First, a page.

“You know what? I’ve never actually seen a Terrence Malick movie,” I admitted, embarrassed.
“WHAT?!” my film buff buddy blurted out. “And you see every crappy movie that comes out!”
“That’s not true!” I defended. “I haven’t seen Pirates of the Caribbean 4 yet.”
He said he was kidding, but his disgust was clearly genuine. And I mean, he’s kind of right. It is true that I have seen all of the FAST AND THE FURIOUSes more than once. I’ve seen all the STEP UPs, FRIDAY THE 13THs, NIGHTMAREs ON ELM STREET, TRANSPORTERs, UNDISPUTEDs, BESTs OF THE BEST, SUBSTITUTEs, WALKING TALLs, the Chucky pictures, most of the Brian Trenchard-Smiths, most of the Isaac Florentines. And yet I never got off my ass and saw BADLANDS. Which would be fine if I didn’t like that kind of thing, but I bet I probly would. I’ve been meaning to see those movies, and there’s only a handful of them, I could watch them all in a day if I wanted to. But I always get more excited about some other movie I find with a guy on a motorcycle on the cover. I got no excuse.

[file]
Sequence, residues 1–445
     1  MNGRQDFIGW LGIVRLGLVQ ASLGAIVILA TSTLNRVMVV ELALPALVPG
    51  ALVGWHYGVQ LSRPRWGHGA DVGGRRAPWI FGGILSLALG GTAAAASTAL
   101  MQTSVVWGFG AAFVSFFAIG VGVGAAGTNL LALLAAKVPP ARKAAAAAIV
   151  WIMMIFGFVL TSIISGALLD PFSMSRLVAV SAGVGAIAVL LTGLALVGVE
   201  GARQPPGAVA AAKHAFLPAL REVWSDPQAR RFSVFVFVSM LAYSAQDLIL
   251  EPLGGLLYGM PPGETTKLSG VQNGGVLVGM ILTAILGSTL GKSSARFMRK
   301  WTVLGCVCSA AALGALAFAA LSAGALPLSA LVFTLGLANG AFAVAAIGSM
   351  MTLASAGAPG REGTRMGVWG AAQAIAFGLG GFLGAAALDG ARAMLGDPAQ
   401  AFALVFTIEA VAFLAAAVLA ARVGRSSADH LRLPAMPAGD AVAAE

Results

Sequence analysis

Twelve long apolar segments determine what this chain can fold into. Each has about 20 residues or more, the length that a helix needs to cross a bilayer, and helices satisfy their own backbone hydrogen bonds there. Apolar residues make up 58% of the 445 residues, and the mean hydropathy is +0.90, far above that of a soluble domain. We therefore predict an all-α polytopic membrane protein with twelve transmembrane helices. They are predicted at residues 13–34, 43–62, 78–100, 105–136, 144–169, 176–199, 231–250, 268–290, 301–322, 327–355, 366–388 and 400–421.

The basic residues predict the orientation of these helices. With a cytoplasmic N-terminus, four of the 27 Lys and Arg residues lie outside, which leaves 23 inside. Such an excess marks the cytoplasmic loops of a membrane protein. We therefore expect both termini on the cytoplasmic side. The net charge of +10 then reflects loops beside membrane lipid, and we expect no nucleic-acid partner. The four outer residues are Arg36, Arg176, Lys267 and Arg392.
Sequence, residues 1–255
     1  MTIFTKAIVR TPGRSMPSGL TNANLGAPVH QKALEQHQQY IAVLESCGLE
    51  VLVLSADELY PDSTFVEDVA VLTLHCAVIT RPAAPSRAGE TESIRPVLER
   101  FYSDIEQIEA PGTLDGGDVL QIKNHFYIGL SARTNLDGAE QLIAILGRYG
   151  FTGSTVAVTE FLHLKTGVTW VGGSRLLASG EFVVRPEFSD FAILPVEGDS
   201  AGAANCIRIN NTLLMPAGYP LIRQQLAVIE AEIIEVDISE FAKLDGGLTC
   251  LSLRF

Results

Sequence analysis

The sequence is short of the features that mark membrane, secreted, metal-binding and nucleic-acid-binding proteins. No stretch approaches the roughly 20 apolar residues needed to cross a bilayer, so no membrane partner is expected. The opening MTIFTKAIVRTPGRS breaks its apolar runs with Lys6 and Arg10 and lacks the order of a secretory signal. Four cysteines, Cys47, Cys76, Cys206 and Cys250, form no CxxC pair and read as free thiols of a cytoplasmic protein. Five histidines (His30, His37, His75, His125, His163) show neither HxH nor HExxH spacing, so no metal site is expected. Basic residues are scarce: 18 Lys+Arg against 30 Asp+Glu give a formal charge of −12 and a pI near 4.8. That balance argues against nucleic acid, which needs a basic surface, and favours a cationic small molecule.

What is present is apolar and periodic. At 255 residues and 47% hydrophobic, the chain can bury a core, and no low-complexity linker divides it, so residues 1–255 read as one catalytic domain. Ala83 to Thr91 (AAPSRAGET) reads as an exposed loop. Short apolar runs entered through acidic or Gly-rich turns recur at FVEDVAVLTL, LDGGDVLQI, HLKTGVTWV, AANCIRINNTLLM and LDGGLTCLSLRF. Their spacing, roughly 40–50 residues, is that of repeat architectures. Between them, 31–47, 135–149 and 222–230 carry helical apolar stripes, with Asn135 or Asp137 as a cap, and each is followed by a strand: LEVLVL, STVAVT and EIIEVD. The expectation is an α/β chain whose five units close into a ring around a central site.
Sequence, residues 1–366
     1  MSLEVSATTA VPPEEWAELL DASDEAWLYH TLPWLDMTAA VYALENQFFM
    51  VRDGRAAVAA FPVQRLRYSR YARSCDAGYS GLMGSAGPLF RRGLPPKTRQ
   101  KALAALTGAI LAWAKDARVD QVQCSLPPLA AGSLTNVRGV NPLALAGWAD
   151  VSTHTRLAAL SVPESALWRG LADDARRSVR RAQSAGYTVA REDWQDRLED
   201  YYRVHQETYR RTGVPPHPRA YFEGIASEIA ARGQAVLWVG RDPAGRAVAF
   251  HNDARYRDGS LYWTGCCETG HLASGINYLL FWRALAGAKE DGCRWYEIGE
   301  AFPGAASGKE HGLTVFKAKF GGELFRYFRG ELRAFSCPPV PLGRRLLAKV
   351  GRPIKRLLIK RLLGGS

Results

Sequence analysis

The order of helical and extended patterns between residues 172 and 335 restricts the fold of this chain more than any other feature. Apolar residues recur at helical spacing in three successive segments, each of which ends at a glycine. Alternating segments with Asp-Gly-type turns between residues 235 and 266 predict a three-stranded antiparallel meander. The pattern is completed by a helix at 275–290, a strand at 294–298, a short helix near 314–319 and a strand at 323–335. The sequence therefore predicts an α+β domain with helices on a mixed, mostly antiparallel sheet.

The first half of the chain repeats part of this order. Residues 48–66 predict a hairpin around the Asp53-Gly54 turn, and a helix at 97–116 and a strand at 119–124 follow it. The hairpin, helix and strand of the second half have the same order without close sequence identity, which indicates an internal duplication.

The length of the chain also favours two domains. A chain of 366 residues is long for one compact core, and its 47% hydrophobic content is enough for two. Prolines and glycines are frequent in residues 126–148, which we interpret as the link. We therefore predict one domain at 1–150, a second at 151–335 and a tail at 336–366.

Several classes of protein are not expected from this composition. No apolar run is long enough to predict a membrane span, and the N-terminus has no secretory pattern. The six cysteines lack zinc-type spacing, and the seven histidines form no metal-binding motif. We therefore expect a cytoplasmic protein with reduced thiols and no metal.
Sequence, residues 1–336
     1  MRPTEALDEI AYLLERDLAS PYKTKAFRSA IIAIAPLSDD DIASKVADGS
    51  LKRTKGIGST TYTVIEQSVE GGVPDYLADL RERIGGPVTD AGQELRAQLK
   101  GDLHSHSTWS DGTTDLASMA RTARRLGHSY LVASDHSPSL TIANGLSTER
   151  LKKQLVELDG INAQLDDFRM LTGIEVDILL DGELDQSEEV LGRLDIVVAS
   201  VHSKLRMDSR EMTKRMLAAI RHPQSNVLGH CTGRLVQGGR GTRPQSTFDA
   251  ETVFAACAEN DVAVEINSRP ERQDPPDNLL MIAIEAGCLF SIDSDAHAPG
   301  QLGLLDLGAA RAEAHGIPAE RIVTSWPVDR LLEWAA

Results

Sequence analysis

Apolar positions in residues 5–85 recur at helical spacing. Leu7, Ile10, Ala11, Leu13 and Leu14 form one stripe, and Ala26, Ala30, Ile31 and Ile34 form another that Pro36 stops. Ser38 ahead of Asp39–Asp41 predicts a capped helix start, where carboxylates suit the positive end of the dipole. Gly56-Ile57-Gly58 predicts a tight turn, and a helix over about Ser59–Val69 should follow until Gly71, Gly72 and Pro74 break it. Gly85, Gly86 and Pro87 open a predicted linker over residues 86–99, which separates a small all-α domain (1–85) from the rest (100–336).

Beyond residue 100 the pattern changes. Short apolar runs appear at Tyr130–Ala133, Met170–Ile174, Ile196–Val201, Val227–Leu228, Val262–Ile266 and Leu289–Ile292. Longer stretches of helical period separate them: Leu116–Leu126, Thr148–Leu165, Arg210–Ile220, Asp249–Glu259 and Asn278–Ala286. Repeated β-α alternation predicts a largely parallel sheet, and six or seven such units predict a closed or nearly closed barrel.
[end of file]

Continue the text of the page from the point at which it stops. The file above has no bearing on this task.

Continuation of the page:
In my defense though, I haven’t seen the last two SAW movies.
I’ll see all the Malicks, I promise. But I wanted to lay all my cards on the table here just so you know this review is not coming from one of the three places that I imagine most of the TREE OF LIFE reviews must be coming from:
1. Passionate worshipfulness – Terrence Malick is my god
2. Socially prescribed respectfulness – I have read that Terrence Malick is my god
3. Scornful anti-elitist elitism – I don’t like it but they like it and it makes me angry I bet they don’t really like it fuck you emperor’s new clothes. If I don’t ‘get’ it NOBODY will ‘get’ it!
Mine is different, mine is more just lazy ignorance.
THE TREE OF LIFE is the story of– well, “story” might be overselling it. It’s the movie of a guy briefly played by Sean Penn remembering events from his childhood, mostly surrounding the death of his brother and his relationship with his father (Brad Pitt). Also it depicts outer space, the beginning of life on earth (cells dividing, something bubbling up out of the tar, dinosaurs hanging out in a quiet Redwood forest), stuff like that. It’s pretty different from OCEAN’S 13 and THE MEXICAN in my opinion. Not sure if you saw the sign in the lobby.